Jun 25 2013
When you think about seeing the world, a number of well-known and oft-visited sites probably come to mind—the Eiffel Tower, the Taj Mahal, the Parthenon—the places everyone visits. But if you don’t want to be like everyone else, that doesn’t mean there isn’t still a world of great travel and adventure opportunities for you.
Remember—if you’re going to set off on adventure around the world, do it safely. Check the current travel warnings from the Bureau of Consular Affairs. Learn about the people and their customs, laws and religious traditions. Protect yourself with some short-term insurance, such as Atlas Travel Insurance, so you’re covered for any medical expenses you might incur. And, above all, mind your common sense.
No matter what your taste or personality, you’ll find some lesser-known international locales here to add to your travel bucket list.
1. For the Movie Lover: Petra, Jordan
Creation of the city of Petra, Jordan, began as early as the 600s B.C. Hewn from solid rock, the site remained unknown to Western civilization until its discovery by a Swiss explorer in 1812.
Many Westerners saw Petra for the first time in the movie “Indiana Jones and the Last Crusade,” in which the façade of Petra’s Al Khazneh (The Treasury) appeared as the final resting place of the Holy Grail and the Knight left to guard it.
2. For the Multiculturalist: Lake Titicaca, Bolivia and Peru
Perched 12,500 feet in the Andes along the border between Peru and Bolivia, Lake Titicaca is the highest navigable lake on Earth. But its height isn’t the only draw. The lake and its islands are flush with ancient Incan artifacts.
With more than 80 ruins, Isla del Sol (The Island of the Sun) is a playground for amateur archeologists. In Incan mythology, the island is said to be the birthplace of the sun god Inti. East of Isla del Sol is the birthplace of the Incan moon goddess Mama Quilla, Isla de la Luna (Island of the Moon), which also boasts a number of Incan ruins.
You don’t have to leave Lake Titicaca to shift from extraordinary ancient cultures to extraordinary modern ones: The Uru people of Lake Titicaca make almost everything from reeds, including the ground they walk on. Though the authenticity of the Uru people selling trinkets in the area has come into question, the 44 artificial floating reed islands, topped with reed houses and navigated by reed boats, are a sight to see.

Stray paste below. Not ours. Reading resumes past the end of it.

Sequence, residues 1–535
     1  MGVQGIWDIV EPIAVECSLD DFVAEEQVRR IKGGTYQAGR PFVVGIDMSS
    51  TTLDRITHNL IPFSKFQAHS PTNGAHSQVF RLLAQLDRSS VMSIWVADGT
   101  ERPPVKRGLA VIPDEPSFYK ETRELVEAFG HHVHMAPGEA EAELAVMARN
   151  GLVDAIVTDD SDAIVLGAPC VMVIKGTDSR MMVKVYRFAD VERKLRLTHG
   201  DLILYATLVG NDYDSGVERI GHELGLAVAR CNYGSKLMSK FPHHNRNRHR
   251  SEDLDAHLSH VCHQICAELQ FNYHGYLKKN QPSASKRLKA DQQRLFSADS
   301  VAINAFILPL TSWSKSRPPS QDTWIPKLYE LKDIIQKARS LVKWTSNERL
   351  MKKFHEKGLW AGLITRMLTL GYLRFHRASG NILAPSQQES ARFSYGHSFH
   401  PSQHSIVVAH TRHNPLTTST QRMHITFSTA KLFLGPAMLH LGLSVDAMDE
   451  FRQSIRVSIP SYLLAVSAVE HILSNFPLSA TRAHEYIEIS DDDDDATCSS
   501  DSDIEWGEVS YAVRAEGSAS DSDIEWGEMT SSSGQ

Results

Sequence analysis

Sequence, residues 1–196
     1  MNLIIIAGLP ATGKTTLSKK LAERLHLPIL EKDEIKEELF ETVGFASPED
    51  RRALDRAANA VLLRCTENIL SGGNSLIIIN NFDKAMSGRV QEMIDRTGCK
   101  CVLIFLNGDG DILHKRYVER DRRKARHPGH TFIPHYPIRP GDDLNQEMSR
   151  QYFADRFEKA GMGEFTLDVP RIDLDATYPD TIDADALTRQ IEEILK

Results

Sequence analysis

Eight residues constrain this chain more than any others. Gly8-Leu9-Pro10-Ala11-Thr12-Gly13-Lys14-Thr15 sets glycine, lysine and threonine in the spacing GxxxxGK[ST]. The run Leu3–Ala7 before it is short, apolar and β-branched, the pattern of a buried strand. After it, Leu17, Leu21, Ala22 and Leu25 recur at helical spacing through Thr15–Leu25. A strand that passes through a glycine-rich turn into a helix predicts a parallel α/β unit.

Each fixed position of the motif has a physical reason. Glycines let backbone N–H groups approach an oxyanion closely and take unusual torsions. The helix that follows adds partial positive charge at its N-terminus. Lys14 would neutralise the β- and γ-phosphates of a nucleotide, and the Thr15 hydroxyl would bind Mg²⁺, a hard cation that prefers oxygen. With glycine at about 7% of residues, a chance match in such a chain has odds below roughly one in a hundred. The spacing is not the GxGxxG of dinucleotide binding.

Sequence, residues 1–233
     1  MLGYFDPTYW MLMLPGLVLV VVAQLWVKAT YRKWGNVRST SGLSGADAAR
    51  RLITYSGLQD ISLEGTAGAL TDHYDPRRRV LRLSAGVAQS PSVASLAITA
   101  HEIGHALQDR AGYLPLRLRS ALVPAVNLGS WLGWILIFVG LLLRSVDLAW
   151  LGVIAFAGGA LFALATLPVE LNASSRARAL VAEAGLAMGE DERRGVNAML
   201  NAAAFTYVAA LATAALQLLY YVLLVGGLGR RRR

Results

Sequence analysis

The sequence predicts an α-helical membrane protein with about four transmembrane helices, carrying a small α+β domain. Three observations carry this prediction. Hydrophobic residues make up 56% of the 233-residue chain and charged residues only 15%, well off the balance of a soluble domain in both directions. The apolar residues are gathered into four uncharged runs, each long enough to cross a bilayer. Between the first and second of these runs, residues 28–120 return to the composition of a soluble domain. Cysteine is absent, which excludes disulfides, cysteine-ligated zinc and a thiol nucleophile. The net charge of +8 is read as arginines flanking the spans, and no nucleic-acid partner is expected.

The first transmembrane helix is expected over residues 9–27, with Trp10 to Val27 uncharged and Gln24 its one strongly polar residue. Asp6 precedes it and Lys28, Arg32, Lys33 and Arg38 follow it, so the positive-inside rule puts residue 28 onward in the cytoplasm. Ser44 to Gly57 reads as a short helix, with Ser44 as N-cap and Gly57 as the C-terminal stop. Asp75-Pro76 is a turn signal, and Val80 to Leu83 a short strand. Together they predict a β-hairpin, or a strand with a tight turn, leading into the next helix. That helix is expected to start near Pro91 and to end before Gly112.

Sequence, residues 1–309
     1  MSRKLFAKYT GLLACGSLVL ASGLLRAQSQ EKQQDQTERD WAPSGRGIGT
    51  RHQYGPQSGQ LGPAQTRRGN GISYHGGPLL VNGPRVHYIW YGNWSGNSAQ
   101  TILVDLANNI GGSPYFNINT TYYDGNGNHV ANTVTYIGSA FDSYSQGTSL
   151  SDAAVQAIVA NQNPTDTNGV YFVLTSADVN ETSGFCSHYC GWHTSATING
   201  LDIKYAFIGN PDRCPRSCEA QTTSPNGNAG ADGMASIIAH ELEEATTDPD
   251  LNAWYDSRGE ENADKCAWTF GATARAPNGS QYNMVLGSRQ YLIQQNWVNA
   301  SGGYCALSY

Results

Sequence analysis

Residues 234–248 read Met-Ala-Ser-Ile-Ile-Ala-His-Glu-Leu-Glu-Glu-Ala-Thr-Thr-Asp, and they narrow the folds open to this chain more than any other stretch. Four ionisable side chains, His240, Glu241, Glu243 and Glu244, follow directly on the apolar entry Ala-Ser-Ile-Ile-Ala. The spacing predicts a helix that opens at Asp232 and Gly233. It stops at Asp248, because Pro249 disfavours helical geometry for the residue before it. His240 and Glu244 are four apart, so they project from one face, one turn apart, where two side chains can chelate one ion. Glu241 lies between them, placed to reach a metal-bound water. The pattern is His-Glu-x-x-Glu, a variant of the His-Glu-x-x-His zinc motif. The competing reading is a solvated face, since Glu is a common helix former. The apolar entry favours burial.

3. For the Macabre: Capuchin Crypt, Rome
Beneath the Church of Santa Maria della Concezione dei Cappuccini in Rome is a crypt that honors its interred residents in an unexpected way—by decorating the chambers with their bones. In the six rooms of the crypt, you’ll find the walls and ceiling decorated with the skeletal remains of Catholic friars dating back to the 17th century. If you can get past the icky-dead-people vibe, you might find that the décor is quite beautiful.
4. For the Spelunker: Fingal’s Cave, Scotland
Fingal’s Cave looks less like a natural occurrence and more like a cave dug out by someone who put in a few too many hours on Minecraft. Its hexagonal basalt columns, formed from slowly cooling lava, stand in stark geometrical contrast to the roughly conical and curvilinear stalactites and stalagmites one expects from underground caverns.
So awe-inspiring was Fingal’s Cave that it became a centerpiece of the mythology of the ancient Celts, who called it “Uamh-Binn,” or “Cave of Melody.”
5. For the Adventurer: El Caminito del Rey, El Chorro, Spain
To add a touch of danger to your globetrotting, it’s hard to beat El Caminito del Rey (The King’s little pathway). This thin path was bolted to the sides of a steep, narrow gorge in El Chorro, Spain, at the beginning of the 20th century to connect two hydroelectric plants. Now in disrepair, it has become a hotspot for adrenaline junkies who want to live on the edge, literally.
If this is your type of adventure, get there soon. The Spanish government has plans to repair the path, making it safer and more accessible—and eliminating the danger buzz.
There’s a world of wonders out there for people of all personalities, tastes and interests. Don’t limit yourself to tourist traps and miss all the beauty and excitement international travel can truly offer.
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